• For domestic adoption agencies, they provide pre and post adoption counseling for first mothers, and support her decision either way.
    • For international adoption agencies, they have humanitarian programs in the countries where they work to help the kids that won’t be adopted and help families stay intact.
    • They don’t cherry pick the kids. In other words, they try to find homes for harder to place children.
    • They make a lifetime commitment to you and your child through post adoption services.

    A good adoption agency looks more like a child-welfare agency.  It’s worth the time to find that type of agency.

     

    Image credit:  … marta … maduixaaaa

    01/06/2010 | by Dawn Davenport | Categories: Adoption, Adoption Blog, Blog | 7 Comments



    7 Responses to How to Choose an Adoption Agency (Hint: It’s Not Eeny, Meeny, Miney, Moe)

    1. Mariquilla says:

      Choosing an adoption agency is difficult not because of all the frustrated people complaining about minor issues. it is hard because adoption agencies are business – yes, even non-profit and religious ones have salaries and overhead to pay…and as such they are “less regulated than nail salons.” Am I a ‘disgruntled customer/client” saying this? No. I am researcher/author and those words in fact are those of L. Anne Babb, respected author of “Ethics in American Adoption.”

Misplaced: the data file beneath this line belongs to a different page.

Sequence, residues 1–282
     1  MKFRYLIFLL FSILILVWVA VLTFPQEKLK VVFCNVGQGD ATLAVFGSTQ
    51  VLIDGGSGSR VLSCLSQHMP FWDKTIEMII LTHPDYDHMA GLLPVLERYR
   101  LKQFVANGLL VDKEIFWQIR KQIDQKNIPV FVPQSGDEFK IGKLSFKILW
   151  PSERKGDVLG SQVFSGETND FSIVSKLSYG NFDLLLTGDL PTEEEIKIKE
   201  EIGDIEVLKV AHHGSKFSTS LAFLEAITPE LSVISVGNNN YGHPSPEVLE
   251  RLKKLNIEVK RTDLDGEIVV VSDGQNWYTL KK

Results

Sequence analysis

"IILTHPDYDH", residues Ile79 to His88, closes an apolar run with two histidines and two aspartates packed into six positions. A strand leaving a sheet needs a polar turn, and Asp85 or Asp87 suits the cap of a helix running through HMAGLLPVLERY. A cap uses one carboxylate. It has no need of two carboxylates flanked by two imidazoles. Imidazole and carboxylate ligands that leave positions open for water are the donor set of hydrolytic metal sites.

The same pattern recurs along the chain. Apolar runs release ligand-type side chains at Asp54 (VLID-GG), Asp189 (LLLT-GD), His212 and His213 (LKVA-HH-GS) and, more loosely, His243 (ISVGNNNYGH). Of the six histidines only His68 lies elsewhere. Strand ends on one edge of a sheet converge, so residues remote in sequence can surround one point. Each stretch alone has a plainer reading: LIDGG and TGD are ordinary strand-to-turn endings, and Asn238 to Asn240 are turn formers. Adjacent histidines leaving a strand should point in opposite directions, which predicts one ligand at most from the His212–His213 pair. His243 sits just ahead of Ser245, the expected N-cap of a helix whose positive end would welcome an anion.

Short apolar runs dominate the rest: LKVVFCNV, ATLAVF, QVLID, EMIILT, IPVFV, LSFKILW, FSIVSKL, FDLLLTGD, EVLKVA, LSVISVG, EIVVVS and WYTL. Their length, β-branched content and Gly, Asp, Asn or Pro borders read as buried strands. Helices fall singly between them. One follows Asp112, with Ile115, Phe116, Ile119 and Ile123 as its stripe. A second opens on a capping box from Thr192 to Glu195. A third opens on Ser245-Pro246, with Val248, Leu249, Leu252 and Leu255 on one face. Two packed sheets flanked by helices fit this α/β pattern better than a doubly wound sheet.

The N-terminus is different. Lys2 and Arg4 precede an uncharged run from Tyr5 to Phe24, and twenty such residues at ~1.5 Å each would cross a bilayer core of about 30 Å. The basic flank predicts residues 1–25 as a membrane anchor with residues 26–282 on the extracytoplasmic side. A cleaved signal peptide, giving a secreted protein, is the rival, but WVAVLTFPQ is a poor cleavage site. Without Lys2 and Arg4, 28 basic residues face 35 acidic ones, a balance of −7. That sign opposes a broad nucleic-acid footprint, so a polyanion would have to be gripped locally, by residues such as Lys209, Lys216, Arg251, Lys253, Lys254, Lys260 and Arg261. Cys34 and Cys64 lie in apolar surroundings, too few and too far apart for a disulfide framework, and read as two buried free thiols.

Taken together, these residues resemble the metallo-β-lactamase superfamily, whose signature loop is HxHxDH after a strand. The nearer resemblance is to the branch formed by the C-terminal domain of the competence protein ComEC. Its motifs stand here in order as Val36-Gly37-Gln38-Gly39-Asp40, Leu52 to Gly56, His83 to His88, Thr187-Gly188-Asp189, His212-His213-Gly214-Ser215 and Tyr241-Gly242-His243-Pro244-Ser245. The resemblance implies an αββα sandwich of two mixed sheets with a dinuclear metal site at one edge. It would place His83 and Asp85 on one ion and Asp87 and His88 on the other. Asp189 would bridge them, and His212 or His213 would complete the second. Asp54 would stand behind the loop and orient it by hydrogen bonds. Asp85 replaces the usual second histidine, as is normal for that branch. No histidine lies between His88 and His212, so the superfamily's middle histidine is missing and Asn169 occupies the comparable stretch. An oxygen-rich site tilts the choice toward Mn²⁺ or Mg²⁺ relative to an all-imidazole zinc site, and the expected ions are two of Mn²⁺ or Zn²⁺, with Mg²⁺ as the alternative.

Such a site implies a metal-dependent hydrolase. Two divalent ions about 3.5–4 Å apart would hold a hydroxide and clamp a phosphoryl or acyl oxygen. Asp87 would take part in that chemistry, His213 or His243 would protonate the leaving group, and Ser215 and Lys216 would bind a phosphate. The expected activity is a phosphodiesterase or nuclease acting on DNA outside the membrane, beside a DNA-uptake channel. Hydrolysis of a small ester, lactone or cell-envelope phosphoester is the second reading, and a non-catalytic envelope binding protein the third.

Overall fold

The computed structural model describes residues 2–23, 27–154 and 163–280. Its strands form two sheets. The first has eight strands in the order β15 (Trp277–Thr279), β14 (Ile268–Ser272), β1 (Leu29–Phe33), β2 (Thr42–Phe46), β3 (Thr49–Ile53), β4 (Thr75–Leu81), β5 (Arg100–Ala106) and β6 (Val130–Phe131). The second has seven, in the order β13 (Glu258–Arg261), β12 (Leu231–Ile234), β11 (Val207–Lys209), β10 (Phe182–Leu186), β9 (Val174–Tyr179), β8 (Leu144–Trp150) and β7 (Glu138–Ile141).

+1

    2. There are a lot of adoption agencies out there. Finding the right reviews for any given agency can be a matter of where you look. “When people are frustrated about their adoption, they need to vent, and the internet provides lots of places to blow off steam. Satisfied adoptive parents are busy getting on with their lives and have a less burning desire to post glowing reports of their adoption agency.” – We’ve had hundreds of successful placements. Through the adoption process we connect with our families through social media. So we have a lot of great reviews through Facebook. But if you look at the typical places where frustrated people go, like Yelp and Google Places, you’ll find a few rants. So it can definitely depend on where you look.

    3. Renee says:

      I can’t believe your timing. I am so glad you posted this blog and led me to the page on choosing an agency. We are in the midst of doing this and we have been confused and scared. I haven’t found anything as useful as this. We are not going international so I didn’t think of your book. I will check it out from the library also, but don’t think I’m going to need it now that I found your page. THANK YOU!

    4. P. A. S. says:

      Found your site on del.icio.us today and really liked it. This blog was really helpful and so was the page on your site on Adoption aGency choosing. We are going to move to adoption soon. I can’t take any more treatment.

    5. Mirah Riben says:

      Choosing an adoption agency is difficult not because of all the frustrated people complaining about minor issues. it is hard because adoption agencies are business – yes, even non-profit and religious ones have salaries and overhead to pay…and as such they are “less regulated than nail salons.” Am I a ‘disgruntled customer/client” saying this? No. I am researcher/author and those words in fact are those of L. Anne Babb, respected author of “Ethics in American Adoption.”

      Adam Pertman, director of the prestigious Evan B. Donaldon Adoption indsitute likewise recognized more than once that “anyone can hang up a shingle and begin arranging adoptions’ indicating the total lack of regulation in the industry.